AFRICA IS RAPIDLY becoming a battleground for both the West and China. Both are seeking to exert their influence in the region. However, the bungling Western governments and NGOs look like observers rather than contestants. Even then, the Western private sector deserves credit for reading the signs of the time and getting on with it.
owever, credit goes to the private sector in the West for being decisive
Tony Blair, the former British Prime Minister once pronounced a truth that the West had better take note of. He said; “Africans have realized that whenever they ask China for help, the Chinese show up the next day with a digger. The West, on the other hand, loads Africa with sheaves of paper and plenty of lectures on human rights."
|Propaganda or Genuine concern?|
Then Africa began to emerge from its doldrums. Now Africa is in the second decade of robust economic growth. Thanks in part to growth in China and India as their demand for Africa resources has ensured stable prices for Africa resources.
The robust growth has defined Africa's development goals- infrastructure and internal markets. And these cost huge amounts of money which Africa alone cannot afford. According to Africa development Bank estimates, Africa needs to invest US$90 million a year over the next 10 years in Infrastructure- Roads, Seaports, Airports, Railway lines and power generation and distribution networks.
Yet the continent can only manage to raise US$40 billion a year leaving huge $50billion deficit. Without these, the cost of doing business in Africa and also the cost of living will remain high; the private sector-both western and eastern- will be dissuaded from investing the continent which will stifle economic growth. No government but the most callous will countenance such a prospect. Hence they turn to friends for help.
This is how neighbours with deep pockets in the West and East come in. And this is where influence is peddled around. And this is where the West, which was the only bull in the street for years, has lost it. In the past, it dispensed aid to Africa in tiny doses and could withdraw even such tiny doses at whim.
|Addis Adama expressway Ethiopia|
Consider this: In the past week, China signed a $13billion deal to finance and build a standard Gauge railway line in Nigeria, a US$3.6 billion deal to build a Standard gauge Railway line in Kenya which could rise to US$20 billion if it is extended into Uganda, Rwanda, Burundi and South Sudan.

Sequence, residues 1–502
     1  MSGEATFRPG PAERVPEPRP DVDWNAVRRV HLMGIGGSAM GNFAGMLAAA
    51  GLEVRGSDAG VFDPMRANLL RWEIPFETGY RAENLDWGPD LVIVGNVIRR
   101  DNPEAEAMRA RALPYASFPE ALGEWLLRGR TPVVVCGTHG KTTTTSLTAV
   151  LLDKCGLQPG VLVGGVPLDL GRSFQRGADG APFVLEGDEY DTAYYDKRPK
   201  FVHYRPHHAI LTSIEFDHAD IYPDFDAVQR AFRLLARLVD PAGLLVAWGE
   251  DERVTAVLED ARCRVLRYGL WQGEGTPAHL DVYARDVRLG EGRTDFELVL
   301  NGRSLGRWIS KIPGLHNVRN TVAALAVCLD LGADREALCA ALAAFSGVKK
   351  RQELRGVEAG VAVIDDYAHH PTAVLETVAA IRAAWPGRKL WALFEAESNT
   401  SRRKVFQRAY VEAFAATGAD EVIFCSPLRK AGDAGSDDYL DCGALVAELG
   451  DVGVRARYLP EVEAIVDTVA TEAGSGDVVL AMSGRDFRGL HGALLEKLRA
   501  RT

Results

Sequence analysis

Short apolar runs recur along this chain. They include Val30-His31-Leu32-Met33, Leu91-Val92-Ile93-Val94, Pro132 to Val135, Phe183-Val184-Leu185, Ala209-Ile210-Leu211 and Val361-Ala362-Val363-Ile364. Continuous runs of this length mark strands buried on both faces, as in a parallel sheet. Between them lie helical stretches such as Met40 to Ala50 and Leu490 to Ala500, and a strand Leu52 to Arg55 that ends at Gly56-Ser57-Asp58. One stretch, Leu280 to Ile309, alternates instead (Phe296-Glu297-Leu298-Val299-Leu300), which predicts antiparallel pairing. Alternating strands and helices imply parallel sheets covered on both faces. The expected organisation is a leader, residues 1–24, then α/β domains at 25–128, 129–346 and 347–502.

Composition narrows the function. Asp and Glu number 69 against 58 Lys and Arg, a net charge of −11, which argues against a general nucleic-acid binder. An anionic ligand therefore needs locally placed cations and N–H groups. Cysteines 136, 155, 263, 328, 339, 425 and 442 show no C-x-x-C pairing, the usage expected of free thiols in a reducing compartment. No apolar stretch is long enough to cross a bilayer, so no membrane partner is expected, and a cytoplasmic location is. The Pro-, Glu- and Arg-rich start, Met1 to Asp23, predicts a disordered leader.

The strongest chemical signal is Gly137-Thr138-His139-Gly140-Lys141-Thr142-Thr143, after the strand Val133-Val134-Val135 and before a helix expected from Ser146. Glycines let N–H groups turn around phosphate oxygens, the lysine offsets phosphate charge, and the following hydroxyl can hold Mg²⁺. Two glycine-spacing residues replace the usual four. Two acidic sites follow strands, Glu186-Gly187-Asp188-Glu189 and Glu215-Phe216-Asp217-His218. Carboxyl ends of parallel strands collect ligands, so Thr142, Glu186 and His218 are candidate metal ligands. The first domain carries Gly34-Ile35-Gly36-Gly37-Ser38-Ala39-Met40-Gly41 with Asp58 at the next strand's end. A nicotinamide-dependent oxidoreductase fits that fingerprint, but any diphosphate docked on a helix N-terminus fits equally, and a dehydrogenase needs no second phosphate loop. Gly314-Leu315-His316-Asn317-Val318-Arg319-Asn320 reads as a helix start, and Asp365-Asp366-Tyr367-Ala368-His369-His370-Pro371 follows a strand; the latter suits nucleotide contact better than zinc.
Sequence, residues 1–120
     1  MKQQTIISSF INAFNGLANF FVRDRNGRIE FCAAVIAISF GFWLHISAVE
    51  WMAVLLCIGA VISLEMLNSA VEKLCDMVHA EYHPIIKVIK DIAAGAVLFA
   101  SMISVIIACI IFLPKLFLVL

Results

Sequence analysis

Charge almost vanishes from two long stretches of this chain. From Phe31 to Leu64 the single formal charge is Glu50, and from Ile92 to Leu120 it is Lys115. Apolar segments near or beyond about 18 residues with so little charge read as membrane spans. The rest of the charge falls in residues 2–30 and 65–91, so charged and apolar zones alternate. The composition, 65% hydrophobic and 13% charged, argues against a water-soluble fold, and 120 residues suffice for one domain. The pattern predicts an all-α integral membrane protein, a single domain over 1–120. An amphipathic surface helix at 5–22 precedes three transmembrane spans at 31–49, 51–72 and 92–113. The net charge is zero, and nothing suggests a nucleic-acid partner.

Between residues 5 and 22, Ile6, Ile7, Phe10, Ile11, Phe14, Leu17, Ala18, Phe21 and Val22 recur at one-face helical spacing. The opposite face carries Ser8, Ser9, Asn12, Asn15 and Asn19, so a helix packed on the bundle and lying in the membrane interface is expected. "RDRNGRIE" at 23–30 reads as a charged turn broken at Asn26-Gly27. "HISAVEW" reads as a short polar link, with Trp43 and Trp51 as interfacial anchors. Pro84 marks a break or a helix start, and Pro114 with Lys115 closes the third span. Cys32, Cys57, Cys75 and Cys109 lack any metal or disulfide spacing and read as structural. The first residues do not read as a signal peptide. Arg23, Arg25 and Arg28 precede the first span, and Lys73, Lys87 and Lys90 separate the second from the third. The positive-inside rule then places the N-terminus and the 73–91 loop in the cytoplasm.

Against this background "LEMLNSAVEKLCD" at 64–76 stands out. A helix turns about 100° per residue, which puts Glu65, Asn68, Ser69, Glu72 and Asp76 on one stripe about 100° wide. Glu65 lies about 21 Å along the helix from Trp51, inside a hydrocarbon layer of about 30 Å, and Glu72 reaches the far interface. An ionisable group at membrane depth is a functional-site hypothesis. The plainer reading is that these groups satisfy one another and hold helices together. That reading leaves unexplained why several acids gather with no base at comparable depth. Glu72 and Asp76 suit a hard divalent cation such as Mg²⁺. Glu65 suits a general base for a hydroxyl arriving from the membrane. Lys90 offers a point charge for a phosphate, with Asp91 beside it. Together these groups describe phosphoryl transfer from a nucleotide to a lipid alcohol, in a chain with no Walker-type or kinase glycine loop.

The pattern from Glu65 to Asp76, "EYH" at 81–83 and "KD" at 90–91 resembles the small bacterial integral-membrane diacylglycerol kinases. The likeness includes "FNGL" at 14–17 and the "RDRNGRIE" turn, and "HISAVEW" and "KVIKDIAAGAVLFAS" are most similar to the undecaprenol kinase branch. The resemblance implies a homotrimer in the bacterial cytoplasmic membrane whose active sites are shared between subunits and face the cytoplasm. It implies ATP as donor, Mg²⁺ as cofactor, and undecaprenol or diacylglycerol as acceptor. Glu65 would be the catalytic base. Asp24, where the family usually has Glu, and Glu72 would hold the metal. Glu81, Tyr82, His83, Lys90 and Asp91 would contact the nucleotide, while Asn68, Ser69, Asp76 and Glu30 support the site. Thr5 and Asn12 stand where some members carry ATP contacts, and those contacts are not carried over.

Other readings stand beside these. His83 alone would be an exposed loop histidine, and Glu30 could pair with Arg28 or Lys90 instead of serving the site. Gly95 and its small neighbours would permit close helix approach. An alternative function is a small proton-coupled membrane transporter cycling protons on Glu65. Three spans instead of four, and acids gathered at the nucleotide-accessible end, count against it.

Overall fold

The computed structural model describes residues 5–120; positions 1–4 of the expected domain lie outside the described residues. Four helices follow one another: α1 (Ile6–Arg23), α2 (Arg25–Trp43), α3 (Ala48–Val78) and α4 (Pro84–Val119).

Just a week earlier, the World Bank, which is synonymous with the West advanced to Tanzania US$300 million to upgrade the Railway line on the East African Central transport Corridor. This line, which is the old meter gauge line will compete with the more efficient SGR on the East Africa Northern transport Corridor on which China could end up investing more than US$20 billion.
Will the central corridor ever compete with the northern corridor to supply Burundi, Uganda, Rwanda and D R Congo? Let's leave that to your imagination.
On failing to match the Chinese muscle, the West and its fans in Africa have resorted to intimidation with such slogans as “you shall pay through the nose, China will cart away all your wealth. Failed, suspended or canceled Chinese projects in Africa.” True Chinese Money is not a free lunch. Africa will have to repay the debt unless forgiven.
However, the critics only focus on the costs and failures without looking at the benefits of such borrowing and other successes of Chinese enterprise in Africa. For instance, the Standard Gauge Railway line, in east Africa’s northern transport corridor will cost Kenya up to US$3.6 billion from Mombasa to Nairobi, a distance of roughly 500Km. But it includes both the Railway line and the rolling stock. This means that the second half of the line from Nairobi to the Ugandan Border will cost a lot less since there will be no rolling stock factored in.
The Loan will attract a 4.4 percent interest, which is way below the world lending rate. This means there will be savings in loan repayment of 1.6 percent compared to the ruling world market price. Further, officials tell us the Railway line will generate an additional 1.5 percent to Kenya’s GDP. At the current GDP level of US$40 billion, that translates into a Whopping US$600 million. The implication here is, the Railway line, whose lifespan is, said 100 years, will repay its loan within the first 8 years of operation.
In addition, the Railway will shrink freight costs by 60 percent and shrink the shipping duration within Kenya to just about 10 hours max. This will mean lower prices of consumer goods since the high freight costs are passed on to final consumers. Further, the line will remove the heavy trucks from our roads which will reduce the damage to our roads, reduce accidents involving heavy trucks and other vehicles.
Kenyan taxpayers will save on the cost repairing and re-building roads damaged by overloaded freight trucks and also save on repair to their own vehicles caused by the damaged on roads. The same benefits can also be recited in the case of Adama- Addis-Ababa expressway in Ethiopia.
As for China carting Africa resources especially oil away to China at their price, that sounds far-fetched. While China could be seeking to be the front-runner in terms of accessing eastern Africa oil, there has never been a hint that the financial support the region is getting is linked to natural resources. In fact, the western oil majors dominate the resources sectors in East Africa. That is what good sense is all about: use the East to develop the infrastructure and the West to exploit the resources.